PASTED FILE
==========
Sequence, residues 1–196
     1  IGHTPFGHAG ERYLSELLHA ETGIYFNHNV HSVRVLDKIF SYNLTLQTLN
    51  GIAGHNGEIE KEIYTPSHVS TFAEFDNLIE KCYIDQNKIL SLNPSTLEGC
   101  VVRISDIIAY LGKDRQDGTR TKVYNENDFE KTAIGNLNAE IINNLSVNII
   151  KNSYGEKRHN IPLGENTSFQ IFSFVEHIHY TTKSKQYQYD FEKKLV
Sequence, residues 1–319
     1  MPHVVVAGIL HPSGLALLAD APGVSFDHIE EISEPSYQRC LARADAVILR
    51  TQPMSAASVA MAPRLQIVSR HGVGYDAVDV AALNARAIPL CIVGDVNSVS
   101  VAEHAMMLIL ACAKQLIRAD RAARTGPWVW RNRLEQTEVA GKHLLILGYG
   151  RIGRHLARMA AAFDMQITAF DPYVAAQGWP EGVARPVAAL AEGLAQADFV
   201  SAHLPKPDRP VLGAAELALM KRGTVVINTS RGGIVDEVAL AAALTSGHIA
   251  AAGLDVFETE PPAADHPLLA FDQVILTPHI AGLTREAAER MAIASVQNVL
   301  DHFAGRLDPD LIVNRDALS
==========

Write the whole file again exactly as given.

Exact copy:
Sequence, residues 1–196
     1  IGHTPFGHAG ERYLSELLHA ETGIYFNHNV HSVRVLDKIF SYNLTLQTLN
    51  GIAGHNGEIE KEIYTPSHVS TFAEFDNLIE KCYIDQNKIL SLNPSTLEGC
   101  VVRISDIIAY LGKDRQDGTR TKVYNENDFE KTAIGNLNAE IINNLSVNII
   151  KNSYGEKRHN IPLGENTSFQ IFSFVEHIHY TTKSKQYQYD FEKKLV
Sequence, residues 1–319
     1  MPHVVVAGIL HPSGLALLAD APGVSFDHIE EISEPSYQRC LARADAVILR
    51  TQPMSAASVA MAPRLQIVSR HGVGYDAVDV AALNARAIPL CIVGDVNSVS
   101  VAEHAMMLIL ACAKQLIRAD RAARTGPWVW RNRLEQTEVA GKHLLILGYG
   151  RIGRHLARMA AAFDMQITAF DPYVAAQGWP EGVARPVAAL AEGLAQADFV
   201  SAHLPKPDRP VLGAAELALM KRGTVVINTS RGGIVDEVAL AAALTSGHIA
   251  AAGLDVFETE PPAADHPLLA FDQVILTPHI AGLTREAAER MAIASVQNVL
   301  DHFAGRLDPD LIVNRDALS